“Revolt / La Libertad Logico” by Eddie Palmieri
“Mr. Bruce” by Roy Hargrove
“Soul Samba” by Bola Sete
“Girl From Ipanema” by Astrud Gilberto
“St. Thomas” by Sonny Rollins
“Darn That Dream” by Jimmy Greene

July 11

Other “Ethnic” Music 

Stowe: “Jazz That Eats Rice: Toshiko Akiyoshi’s Roots Music”
Lavezzoli: “Indo-Blue Impressions: John Coltrane and the Birth of Indo-Jazz”
Mandel: “Jazz In Africa: The Ins and Outs” (from the Oxford Companion to Jazz)
Masekela: pg. 156-165
Giddins: “Randy Weston (Afrobeats)”
Gridley: pg. 338-340 (“Klezmer Jazz”) 

“Long Yellow Road” by Toshiko Mariano
“Raagank (Classical Melody Moods)” by Pandit Ravi Shankar
“Your Lady” by John Coltrane
“U-Dwi” by Hugh Masekela
“Lalla Mira, Pt. 2” by Randy Weston
“Hazor” by Masada
“Honeysuckle Rose” by Django Reinhardt

July 16

Field Trip: Toshiko Akiyoshi Quartet in Hartford (Bushnell Park, rain site Trinity College) 
Note: artist presented and date of trip are subject to change

Comparative Essay 2
“Un Poco Loco” by Bud Powell vs. Tito Puente

July 18


Gridley: pg. 328-338
Morath: chapters 1 & 2 (“What Are Popular Standards” and “The Story of Popular Standards”)
Nicholson: “Déjà vu Time All Over Again: Jazz Singers and Nu-Crooners” and “Between Image and Artistry: The Wynton Marsalis Phenomenon” (from Is Jazz Dead?) 

“In the Mood” by Glenn Miller
“Nature Boy” by Nat King Cole
“Take Five” by Dave Brubeck
“Cast Your Fate to the Wind” by Vince Guaraldi
“Mercy, Mercy, Mercy” by Cannonball Adderley
“The Nearness of You” by Gerry Mulligan and Chet Baker
“The Nearness of You (live)” by Norah Jones
“Almost Blue” by Diana Krall
“Honeysuckle Rose” by Frank Vignola et al
“What a Wonderful World” by Kenny G
“To the Max” by Gerald Albright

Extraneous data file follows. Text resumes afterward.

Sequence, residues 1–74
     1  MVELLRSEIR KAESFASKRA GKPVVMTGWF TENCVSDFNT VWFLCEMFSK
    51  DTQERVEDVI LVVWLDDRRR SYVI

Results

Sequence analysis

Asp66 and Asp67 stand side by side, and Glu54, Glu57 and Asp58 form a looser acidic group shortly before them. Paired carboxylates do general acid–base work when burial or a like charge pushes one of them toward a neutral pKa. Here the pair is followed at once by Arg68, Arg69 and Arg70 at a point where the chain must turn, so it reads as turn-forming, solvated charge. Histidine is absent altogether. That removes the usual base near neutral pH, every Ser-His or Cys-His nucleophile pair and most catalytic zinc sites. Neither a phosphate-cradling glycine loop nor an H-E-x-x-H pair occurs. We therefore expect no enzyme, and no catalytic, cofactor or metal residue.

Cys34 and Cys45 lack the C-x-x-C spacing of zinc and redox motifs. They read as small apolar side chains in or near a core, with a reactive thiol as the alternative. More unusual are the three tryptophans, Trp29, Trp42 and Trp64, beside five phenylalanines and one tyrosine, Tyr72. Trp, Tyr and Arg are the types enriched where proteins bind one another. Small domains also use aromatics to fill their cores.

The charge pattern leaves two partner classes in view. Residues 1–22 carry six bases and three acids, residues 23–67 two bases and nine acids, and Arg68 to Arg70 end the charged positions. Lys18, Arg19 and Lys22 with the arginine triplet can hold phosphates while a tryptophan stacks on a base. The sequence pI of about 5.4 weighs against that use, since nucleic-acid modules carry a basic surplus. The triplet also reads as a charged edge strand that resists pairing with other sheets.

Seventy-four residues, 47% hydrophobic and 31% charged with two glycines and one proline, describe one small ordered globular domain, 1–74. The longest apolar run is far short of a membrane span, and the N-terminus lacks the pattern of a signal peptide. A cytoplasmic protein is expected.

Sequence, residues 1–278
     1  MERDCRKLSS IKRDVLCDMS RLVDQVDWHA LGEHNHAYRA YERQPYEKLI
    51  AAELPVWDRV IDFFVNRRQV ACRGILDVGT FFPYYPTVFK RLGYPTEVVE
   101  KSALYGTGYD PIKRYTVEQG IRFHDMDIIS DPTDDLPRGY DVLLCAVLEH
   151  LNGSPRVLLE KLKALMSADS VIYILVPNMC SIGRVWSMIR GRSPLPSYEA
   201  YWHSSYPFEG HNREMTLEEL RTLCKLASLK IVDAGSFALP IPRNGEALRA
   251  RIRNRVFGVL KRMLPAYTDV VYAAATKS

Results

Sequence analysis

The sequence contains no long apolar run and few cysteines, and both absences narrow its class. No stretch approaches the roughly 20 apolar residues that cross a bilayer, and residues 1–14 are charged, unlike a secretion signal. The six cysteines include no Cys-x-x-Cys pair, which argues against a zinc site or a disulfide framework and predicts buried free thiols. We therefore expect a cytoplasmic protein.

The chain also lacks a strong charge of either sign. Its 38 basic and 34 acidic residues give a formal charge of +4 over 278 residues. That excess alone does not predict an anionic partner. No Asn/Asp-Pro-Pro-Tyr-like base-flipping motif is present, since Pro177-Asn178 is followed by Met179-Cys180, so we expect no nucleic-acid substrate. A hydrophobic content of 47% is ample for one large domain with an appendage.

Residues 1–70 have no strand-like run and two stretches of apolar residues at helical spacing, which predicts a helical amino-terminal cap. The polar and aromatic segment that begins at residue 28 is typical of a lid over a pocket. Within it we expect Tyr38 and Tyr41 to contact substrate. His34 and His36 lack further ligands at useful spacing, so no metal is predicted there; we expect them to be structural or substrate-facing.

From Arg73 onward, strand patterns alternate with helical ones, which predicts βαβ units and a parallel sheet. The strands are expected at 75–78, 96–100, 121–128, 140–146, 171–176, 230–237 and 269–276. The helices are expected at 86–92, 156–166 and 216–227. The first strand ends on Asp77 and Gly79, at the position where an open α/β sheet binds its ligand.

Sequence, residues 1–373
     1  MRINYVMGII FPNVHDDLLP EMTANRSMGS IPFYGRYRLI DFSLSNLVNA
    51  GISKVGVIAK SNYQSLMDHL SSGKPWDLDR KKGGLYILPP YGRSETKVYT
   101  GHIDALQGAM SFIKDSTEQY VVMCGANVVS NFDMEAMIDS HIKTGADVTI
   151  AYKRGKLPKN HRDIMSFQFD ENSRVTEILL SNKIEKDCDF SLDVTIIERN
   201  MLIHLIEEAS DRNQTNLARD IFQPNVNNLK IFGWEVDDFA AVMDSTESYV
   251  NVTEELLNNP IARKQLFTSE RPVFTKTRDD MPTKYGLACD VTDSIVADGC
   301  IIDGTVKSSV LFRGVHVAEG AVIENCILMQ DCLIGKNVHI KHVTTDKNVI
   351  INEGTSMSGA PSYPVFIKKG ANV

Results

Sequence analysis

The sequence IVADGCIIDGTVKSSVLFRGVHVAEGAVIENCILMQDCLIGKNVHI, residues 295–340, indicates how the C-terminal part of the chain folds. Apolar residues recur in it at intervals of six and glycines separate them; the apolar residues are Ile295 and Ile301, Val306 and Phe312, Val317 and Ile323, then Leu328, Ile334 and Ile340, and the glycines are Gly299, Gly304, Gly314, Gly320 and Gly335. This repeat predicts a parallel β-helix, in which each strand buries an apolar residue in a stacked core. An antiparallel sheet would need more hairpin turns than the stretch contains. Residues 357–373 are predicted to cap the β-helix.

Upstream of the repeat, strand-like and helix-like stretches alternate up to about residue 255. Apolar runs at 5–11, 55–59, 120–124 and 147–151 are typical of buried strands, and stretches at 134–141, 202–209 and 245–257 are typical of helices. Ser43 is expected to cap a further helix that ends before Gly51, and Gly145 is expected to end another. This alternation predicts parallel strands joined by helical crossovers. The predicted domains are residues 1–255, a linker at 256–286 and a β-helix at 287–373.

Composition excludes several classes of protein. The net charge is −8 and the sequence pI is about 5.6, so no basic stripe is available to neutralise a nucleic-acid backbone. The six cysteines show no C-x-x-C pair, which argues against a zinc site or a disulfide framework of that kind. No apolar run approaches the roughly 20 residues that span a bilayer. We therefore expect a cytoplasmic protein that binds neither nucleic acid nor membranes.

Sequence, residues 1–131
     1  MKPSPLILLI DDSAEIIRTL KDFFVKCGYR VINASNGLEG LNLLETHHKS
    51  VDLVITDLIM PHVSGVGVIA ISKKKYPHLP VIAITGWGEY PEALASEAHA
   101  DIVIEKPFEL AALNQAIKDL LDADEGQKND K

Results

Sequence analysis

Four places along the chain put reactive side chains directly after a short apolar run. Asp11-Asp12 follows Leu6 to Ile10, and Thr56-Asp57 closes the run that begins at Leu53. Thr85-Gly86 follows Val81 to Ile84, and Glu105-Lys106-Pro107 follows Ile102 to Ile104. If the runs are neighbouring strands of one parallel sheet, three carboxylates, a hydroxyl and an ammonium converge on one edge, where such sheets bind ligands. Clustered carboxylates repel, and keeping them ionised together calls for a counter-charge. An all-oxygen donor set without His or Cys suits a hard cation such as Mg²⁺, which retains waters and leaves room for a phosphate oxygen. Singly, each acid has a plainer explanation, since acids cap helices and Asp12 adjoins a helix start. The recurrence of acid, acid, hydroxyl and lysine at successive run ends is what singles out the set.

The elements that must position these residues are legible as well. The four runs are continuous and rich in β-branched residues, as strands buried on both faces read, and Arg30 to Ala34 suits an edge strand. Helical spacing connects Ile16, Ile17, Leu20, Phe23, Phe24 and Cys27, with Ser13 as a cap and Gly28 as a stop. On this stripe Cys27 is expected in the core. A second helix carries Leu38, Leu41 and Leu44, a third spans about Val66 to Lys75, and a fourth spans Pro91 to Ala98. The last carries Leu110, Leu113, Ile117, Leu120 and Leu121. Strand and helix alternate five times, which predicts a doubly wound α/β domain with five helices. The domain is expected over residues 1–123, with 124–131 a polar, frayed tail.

July 20-21 (Friday/Saturday): Field Trip, Greater Hartford Festival of Jazz
July 23

Fusion (Rock Enters Jazz) 

Formal Proposal for Final Project 

Nicholson: “Fusions and Crossovers” (pg. 217-236 from The Cambridge Companion to Jazz)
Crouch: pg. 240-256 (“On the Corner: Miles Davis Sells Out”) 

“Hold On, I’m Comin’” by Herbie Mann
“Eight Miles High” by Steve Marcus
“Frelon Brun” by Miles Davis
“Miles Runs the Voodoo Down” by Miles Davis
“Vashkar” by Tony Williams
“One Word” by Mahavishnu Orchestra
“Tell Me a Bedtime Story” by Herbie Hancock
“Black Market” by Weather Report
“The Romantic Warrior” by Return to Forever
“Skunk Funk” by Brecker Brothers

July 25


Porter: pg. 370-377 (“Soul Jazz”)
Nicholson: “Chain Reaction” (from Jazz-Rock: A History)
George: pg. 124-126
Gridley: pg. 344-345 (“Hip-Hop Jazz”) 

“I Got a Woman” by Ray Charles
“I Got a Woman” by Jimmy Smith
“The Jody Grind” by Horace Silver
“Mercy, Mercy, Mercy” by Cannonball Adderley
“Compared to What” by Les McCann and Eddie Harris
“Way Back Home” by the Crusaders
“Sugar” by Stanley Turrentine
“The Ghetto” by Donny Hathaway
“Watermelon Man” by Herbie Hancock
“Watermelon Man” by the J.B.’s and Fred Wesley
“Contusion” by Stevie Wonder
“Verses from the Abstract” by A Tribe Called Quest
“My Favorite Things” by OutKast

July 30

Jazz in the Rock World 

Comparative Essay 3
“I Got a Woman” by Ray Charles vs. Jimmy Smith 

Nicholson: “Make a Jazz Noise Here” (from Jazz-Rock: A History) 

“God Bless the Child” by Blood, Sweat and Tears
“Serenade to a Cuckoo” by Jethro Tull
“King Kong” by Jean-Luc Ponty
“Tropical Hot Dog World” by Captain Beefheart
“Gardenia” by Santana
“Aja” by Steely Dan
“Englishman In New York” by Sting
“Goodbye Porkpie Hat” by Joni Mitchell
“Spider Fingers / Tempus Fugit” by Bruce Hornsby

August 1

Western Classical Music  

Tirro: “Ragtime”
Kennedy: pg. 363 (“Jazz”)
Williams: “John Lewis and the Modern Jazz Quartet: Modern Conservative”
Teachout: “Jazz and Classical Music: To the Third Stream and Beyond” (from the Oxford Companion to Jazz) 

“Maple Leaf Rag” by Dick Hyman
“Tea For Two” by Art Tatum
“Concorde” by Modern Jazz Quartet
“In a Mist” by Bix Beiderbecke
“Will O’ the Wisp” by Miles Davis
“All About Rosie” by Bill Evans with George Russell
“Ebony Concerto” by Igor Stravinsky
“Rhapsody in Blue” by George Gershwin
“City of Glass: (Third Movement): Reflections” by Stan Kenton
“Peace Piece” by Bill Evans
“’Round Midnight” by Kronos Quartet